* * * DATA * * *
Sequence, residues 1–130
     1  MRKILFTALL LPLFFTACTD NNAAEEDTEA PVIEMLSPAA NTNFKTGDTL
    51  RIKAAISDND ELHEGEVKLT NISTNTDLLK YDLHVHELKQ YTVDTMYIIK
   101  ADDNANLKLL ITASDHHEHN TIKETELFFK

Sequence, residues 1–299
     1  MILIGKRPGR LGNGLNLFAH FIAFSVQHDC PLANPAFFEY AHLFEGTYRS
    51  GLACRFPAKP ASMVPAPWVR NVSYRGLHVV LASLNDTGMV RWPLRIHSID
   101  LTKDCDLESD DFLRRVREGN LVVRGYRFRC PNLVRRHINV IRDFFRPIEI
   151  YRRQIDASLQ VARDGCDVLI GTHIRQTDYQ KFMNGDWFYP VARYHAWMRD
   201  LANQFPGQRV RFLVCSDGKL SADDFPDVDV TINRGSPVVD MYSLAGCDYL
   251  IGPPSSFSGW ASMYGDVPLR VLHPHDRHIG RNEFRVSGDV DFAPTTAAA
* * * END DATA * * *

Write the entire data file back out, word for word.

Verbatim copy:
Sequence, residues 1–130
     1  MRKILFTALL LPLFFTACTD NNAAEEDTEA PVIEMLSPAA NTNFKTGDTL
    51  RIKAAISDND ELHEGEVKLT NISTNTDLLK YDLHVHELKQ YTVDTMYIIK
   101  ADDNANLKLL ITASDHHEHN TIKETELFFK

Sequence, residues 1–299
     1  MILIGKRPGR LGNGLNLFAH FIAFSVQHDC PLANPAFFEY AHLFEGTYRS
    51  GLACRFPAKP ASMVPAPWVR NVSYRGLHVV LASLNDTGMV RWPLRIHSID
   101  LTKDCDLESD DFLRRVREGN LVVRGYRFRC PNLVRRHINV IRDFFRPIEI
   151  YRRQIDASLQ VARDGCDVLI GTHIRQTDYQ KFMNGDWFYP VARYHAWMRD
   201  LANQFPGQRV RFLVCSDGKL SADDFPDVDV TINRGSPVVD MYSLAGCDYL
   251  IGPPSSFSGW ASMYGDVPLR VLHPHDRHIG RNEFRVSGDV DFAPTTAAA